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For Grades K-4 , week of Jan. 30, 2023

1. Animated Oscars

The Oscar awards have been given out for 95 years to honor top achievements in movies. For families and kids, the category that gets the most attention each year is the award for Best Animated Feature Film. This award is given for full-length cartoons and stop-motion movies featuring puppets or other figures. This year the Disney movie “Turning Red,” “Guillermo del Toro’s Pinocchio” and “Puss in Boots: The Last Wish” lead the field, along with the quirky family adventure “Marcel the Shell With Shoes On” and the sea monster story “The Sea Beast.” Both “Pinocchio” and “Puss in Boots” are based on classic fairy tales. “Pinocchio” features a wooden puppet that comes to life, and “Puss in Boots” follows the life of a bold and adventurous cat. “Turning Red” is the story of a 13-year-old girl who turns into a giant red panda whenever she gets excited or has to deal with being a teen. Last year, the hit Disney movie “Encanto” won the Best Animated Feature award. Animated films use cartoons and art to tell stories in entertaining ways. In the newspaper or online, find and closely read stories about animated movies that are popular with families. Pick one you have seen, or would like to see, and write a movie review telling why it’s a good choice for families. Or write a review of another animated movie you have seen and liked.

Common Core State Standards: Reading closely what a text says explicitly and to make logical inferences from it; producing clear and coherent writing in which the development, organization and style are appropriate to the task.

2. Great White

Talk about a road trip to remember! When 12-year-old Campbell Keenan traveled to Florida to watch his sister in a hockey tournament, the Massachusetts sixth grader didn’t think that he’d be the one making headlines. Yet he turned out to be a newsmaker when he took a charter fishing trip with his family. One mile out from the city of Ft. Lauderdale, Campbell caught a great white shark! He knew right from the start that he had caught something big. The heavy-duty line on his fishing rod shot out about 300 yards, and when he tried to reel it in it felt “like a 50-pound weight.” The fish was so strong, Campbell felt it might pull him over the side of the boat, even with others hanging onto him. It took him about 45 minutes to reel in his catch, and he didn’t know until almost the end what he had caught. “When it got to 10 feet of the boat and we saw the belly, the captain was like, ‘that right there is a great white shark!’” Campbell told WBZ-TV in Massachusetts. “I was so happy. We all screamed.” Campbell’s shark was a female about 11 feet long and weighing more than 400 pounds. The crew didn’t bring it on board the boat but tagged it and let it go. The tagging will allow scientists to track where the great white travels in the future. People often have amazing encounters with wildlife. In the newspaper or online, find and closely read a story about such an experience. Write the name of the wildlife species down the side of a sheet of paper. Use each letter in the name to start a complete sentence stating why the wildlife experience was amazing or memorable.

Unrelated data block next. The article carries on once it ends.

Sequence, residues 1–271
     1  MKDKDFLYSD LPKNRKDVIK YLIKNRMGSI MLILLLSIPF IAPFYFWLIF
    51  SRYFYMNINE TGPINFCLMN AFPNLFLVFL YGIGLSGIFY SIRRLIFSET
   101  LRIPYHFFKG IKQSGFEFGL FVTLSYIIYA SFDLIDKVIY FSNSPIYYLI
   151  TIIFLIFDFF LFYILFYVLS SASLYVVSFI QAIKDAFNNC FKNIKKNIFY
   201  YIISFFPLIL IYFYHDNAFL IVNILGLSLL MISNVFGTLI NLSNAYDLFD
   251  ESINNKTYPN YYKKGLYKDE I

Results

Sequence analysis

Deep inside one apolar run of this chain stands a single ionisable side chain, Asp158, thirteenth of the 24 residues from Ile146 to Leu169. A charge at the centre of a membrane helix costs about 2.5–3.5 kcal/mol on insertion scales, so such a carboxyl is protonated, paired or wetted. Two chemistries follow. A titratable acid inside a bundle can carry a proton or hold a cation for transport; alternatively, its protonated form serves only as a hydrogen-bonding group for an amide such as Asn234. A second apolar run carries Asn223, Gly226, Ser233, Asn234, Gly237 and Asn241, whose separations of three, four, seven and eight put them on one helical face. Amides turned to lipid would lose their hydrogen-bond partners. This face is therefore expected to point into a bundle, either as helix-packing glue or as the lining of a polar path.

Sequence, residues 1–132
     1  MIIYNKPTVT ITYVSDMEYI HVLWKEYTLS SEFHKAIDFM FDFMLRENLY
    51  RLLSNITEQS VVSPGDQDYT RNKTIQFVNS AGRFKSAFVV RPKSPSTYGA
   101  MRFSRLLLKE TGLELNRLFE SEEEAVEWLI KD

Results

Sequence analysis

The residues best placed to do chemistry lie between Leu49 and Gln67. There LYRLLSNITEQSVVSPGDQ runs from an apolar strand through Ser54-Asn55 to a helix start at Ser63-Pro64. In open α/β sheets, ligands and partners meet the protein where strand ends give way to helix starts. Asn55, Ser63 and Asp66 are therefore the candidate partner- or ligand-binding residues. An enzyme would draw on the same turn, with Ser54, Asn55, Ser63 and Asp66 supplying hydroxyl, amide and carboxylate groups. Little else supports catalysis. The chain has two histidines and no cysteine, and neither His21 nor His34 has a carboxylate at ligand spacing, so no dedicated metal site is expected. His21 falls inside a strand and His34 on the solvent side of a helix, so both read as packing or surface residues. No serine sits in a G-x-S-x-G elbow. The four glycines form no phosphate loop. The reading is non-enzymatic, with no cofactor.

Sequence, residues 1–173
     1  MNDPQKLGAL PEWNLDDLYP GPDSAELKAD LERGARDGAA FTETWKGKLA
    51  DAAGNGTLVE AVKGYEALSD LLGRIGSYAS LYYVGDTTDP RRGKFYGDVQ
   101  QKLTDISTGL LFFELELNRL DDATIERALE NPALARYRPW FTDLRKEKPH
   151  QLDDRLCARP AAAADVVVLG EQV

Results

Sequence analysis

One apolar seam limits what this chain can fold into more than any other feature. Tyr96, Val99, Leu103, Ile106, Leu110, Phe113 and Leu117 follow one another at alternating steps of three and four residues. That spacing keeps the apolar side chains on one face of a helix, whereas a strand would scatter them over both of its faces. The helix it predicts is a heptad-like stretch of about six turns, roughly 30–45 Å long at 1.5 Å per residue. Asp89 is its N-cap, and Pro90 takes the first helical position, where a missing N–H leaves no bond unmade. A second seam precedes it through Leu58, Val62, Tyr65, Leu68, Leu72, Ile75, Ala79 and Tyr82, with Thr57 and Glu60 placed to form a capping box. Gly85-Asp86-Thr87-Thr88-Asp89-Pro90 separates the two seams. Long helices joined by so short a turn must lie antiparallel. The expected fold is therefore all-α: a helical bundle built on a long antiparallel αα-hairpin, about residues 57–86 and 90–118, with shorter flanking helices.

Common Core State Standards: Writing informative/explanatory texts to examine a topic and convey ideas and information clearly; citing specific textual evidence when writing or speaking to support conclusions.

3. South Pole Meteorite